'Siberia' (Smaller flowers than 'Casablanca')
'Sorbonne' (great scent)
'Arabian Red'
'Acapulco' (grow in part shade for longer stems)

OT (Orienpet) Hybrids
'Ormea' (smaller flowers)
'Bonbini' (mix with clusters of tiny pink roses)
More challenging to arrange, due to larger flowers
or heavy inflorescence (lots of buds)
'Gizmo' (huge flowers, needs a massive vase)
'Scheherazade' (lots of buds)
'Holland Beauty'
'Black Beauty' (lots of buds)
'Conca d'Or' 

Larger, brighter flowers next year   Micro-nutrients are the secret!

What are you feeding your lilies?  We recommend a balanced commercial fertilizer of 5-10-10 or Rose fertilizer, about one tablespoon around each large sprout when they first emerge in spring. Repeat just before the flowers begin to open, then also add a generous tablespoon of either granular Trace Minerals around the base of the stem or a coating of Liquid Kelp sprayed on the leaves.  

Liquid fish fertilizer is also very good too, but remember that some natural formulas can leave traces of brown on the flowers, not good if cutting flowers for a show.  (Dianna remembers spraying fish fertilizer all through the garden just before Port Townsend's annual Rhododendron parade in Port Townsend one rather windy day.  Bob's bright red and newly restored Farmall C tractor, that was scheduled to pull the Cub Scout's parade entry, was covered in evenly spaced brown speckles the next morning, evoking a bit of panic on everyone's part, especially Mom, who was the zealous applicator.  Luckily the tractor was well waxed and cleaned up fast with a soapy bath, but the living room window... well, it took a lot longer with a razor blade scraper.) 

This fall, when the stems have matured and cut down to ground level, an inch of well aged compost or manure is useful if you have sandy soil.   Folks with clay-laden soils, and especially who have very wet winters, should only do top-dressing in summer.  Too much moisture retaining material, including mulch, does not allow your soil to dry well between rains, trapping moisture around the bulbs.  In cold climates, Zone 6 or below, mulch your lilies after the soil has frozen a few inches, to deter rodents from burrowing into the lily bed and feasting under a warm mulch.

Monday, June 3, 2013

Yummy Chocolate at the Mother Earth News Fair, plus a Wealth of Information

Theo Chocolate Organic & Fair Trade Certified

Wow, what a weekend! 


Anne Marie and Dianna attended the Mother Earth News Fair in Puyallup,WA on Saturday and Sunday and had a most wonderful time.  Mother Earth News invited B&D Lilies to exhibit, but after 6 months of Garden shows, shipping and planting—and because it was Anne Marie's Birthday Weekend—we decided to play instead.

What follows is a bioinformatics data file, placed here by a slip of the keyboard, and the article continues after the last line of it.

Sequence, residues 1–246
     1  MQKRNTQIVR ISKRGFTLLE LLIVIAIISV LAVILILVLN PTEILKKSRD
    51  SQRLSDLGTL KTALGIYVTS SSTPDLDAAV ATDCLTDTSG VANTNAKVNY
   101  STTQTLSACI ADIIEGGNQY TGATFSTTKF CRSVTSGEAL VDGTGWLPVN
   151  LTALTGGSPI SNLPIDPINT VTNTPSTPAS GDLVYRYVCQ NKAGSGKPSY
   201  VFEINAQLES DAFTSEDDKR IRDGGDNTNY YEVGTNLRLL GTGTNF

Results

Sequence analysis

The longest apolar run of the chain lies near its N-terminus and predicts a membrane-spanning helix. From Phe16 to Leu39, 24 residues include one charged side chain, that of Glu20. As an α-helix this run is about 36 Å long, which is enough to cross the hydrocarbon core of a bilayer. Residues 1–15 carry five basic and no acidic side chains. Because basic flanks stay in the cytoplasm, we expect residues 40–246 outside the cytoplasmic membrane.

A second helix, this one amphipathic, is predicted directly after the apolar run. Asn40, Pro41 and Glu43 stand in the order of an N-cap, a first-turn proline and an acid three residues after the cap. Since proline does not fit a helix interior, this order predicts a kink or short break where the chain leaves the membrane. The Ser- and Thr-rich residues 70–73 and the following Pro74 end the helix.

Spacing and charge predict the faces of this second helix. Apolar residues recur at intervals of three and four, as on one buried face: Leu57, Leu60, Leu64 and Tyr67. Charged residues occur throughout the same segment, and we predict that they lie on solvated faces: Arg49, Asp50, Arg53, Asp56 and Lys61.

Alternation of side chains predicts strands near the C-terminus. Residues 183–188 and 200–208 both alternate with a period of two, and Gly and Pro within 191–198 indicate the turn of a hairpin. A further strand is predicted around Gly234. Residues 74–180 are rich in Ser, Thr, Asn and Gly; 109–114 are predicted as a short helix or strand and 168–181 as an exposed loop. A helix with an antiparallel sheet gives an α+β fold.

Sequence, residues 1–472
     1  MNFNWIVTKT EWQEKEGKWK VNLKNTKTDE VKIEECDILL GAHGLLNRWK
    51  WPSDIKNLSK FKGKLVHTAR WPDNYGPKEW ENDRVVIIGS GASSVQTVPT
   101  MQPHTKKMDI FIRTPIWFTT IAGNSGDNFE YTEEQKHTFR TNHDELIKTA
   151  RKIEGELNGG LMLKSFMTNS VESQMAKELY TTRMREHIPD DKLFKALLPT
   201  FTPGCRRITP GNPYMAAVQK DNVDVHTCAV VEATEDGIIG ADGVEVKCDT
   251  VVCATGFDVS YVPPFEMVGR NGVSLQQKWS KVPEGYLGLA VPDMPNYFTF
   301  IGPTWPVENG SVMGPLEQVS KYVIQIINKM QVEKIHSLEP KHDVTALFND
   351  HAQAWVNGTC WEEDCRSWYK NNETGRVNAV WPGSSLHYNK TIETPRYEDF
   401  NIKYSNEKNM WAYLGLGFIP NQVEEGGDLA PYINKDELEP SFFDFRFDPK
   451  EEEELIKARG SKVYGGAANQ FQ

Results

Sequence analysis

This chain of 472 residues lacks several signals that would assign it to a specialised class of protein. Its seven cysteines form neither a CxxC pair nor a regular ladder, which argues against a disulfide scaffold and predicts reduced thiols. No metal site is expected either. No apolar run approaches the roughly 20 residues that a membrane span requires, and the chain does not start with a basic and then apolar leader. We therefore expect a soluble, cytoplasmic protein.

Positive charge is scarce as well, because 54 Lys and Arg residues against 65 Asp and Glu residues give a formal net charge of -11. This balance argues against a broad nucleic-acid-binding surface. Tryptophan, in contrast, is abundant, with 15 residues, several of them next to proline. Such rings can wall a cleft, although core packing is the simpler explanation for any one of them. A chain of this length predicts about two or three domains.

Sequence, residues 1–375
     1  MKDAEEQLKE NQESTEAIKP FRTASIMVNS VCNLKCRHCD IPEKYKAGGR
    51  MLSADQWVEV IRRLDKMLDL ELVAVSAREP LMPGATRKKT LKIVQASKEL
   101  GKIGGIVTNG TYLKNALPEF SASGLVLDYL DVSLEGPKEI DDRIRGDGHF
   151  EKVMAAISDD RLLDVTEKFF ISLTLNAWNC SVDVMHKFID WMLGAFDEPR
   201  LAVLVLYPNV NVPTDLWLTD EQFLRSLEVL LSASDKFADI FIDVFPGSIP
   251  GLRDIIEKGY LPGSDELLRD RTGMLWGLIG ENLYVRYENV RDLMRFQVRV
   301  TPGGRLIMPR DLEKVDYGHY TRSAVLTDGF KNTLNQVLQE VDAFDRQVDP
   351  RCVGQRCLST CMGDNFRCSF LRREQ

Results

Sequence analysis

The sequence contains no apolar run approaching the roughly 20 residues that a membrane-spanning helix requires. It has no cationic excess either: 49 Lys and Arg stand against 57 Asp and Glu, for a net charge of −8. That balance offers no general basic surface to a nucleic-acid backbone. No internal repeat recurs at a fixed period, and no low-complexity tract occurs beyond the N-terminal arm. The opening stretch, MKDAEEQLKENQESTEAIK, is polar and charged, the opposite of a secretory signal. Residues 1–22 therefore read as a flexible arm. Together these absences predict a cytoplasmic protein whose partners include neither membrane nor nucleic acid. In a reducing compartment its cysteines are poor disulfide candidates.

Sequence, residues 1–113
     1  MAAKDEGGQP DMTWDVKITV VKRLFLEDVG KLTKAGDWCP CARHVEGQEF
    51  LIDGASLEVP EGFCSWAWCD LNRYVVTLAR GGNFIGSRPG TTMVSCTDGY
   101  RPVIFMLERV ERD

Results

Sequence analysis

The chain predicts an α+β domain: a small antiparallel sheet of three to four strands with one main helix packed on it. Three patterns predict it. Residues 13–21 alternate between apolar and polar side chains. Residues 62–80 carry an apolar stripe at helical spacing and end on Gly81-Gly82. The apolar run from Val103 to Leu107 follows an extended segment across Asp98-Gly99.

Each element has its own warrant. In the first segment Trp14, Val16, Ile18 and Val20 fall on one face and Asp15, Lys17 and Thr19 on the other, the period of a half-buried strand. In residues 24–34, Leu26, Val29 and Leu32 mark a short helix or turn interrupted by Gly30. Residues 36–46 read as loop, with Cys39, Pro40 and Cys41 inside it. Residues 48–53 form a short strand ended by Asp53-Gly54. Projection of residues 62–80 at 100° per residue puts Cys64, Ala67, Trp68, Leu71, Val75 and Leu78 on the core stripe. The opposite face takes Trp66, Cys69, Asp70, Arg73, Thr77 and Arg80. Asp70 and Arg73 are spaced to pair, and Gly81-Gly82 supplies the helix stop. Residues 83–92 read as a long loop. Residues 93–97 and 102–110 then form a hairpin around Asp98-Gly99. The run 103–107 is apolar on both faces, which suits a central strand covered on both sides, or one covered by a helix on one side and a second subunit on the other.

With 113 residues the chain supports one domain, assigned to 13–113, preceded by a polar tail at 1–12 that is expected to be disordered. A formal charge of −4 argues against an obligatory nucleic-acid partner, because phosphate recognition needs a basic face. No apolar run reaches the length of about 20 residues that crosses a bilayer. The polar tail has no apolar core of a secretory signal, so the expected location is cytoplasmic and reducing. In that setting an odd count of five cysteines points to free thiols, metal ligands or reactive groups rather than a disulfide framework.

We took cell phones to stay in touch at the fairgrounds, but no computer, catalogs, business cards or even a camera went with us, just a notebook for the seminars and backpacks for goodies.  We pretty much limited ourselves to books, tools, plants, seeds and chocolate, plus one ice cream cone each day—because the sun finally decided to shine after a very long week of cold and rain—but despite our self-imposed "restraint", the car was still rather full Sunday night.

I love the cover of Victoria's book!

Theo Chocolate (above), a Seattle-based company with marvelous designer blends, was one of our favorite booths, along with two local Permaculture nurseries and the Mother Earth Fair Bookstore.  Theo Chocolate does mail order, so try the Bread and Chocolate, Fig, Fennel & Almond, and the spicy Coconut Curry, for a few of Dianna's favorites.

We attended both of Joel Salatin's presentations plus those of local gardening gurus, workshops on making your own medicinal salves, lotions and oils, plus checked out solar and wind demonstrations.

Victoria Miller, who lives off-grid on Canyon Creek Farm,  spoke about raising and housing ducks, and has her first book coming out this fall, which I just pre-ordered.

Good thing this is only a once-a-year event because it will take months to completely read our two dozen newly obtained books—several signed by their authors—and start putting all this new-found knowledge to use.  When attending an event like this, buy your books early in the day, because when the talk ends, the corresponding books sell out within minutes.  Anne Marie half-jogged to the bookstore and barely snagged two copies of Backyard Bounty: The Complete Guide to Year-Round Organic Gardening in the Pacific Northwest, one for herself and one for "Ruth" who was sitting next to Dianna, and had both copies signed by Linda Gilkeson following her purchase.

This was the second year for the Western Washington location and the next one will not be until 2014 for the west coast, but if you are near Seven Spring, PA on September 20-22, 2013 or Lawrence, KS on October 12-13, 2013, check out the Mother Earth News Fairs.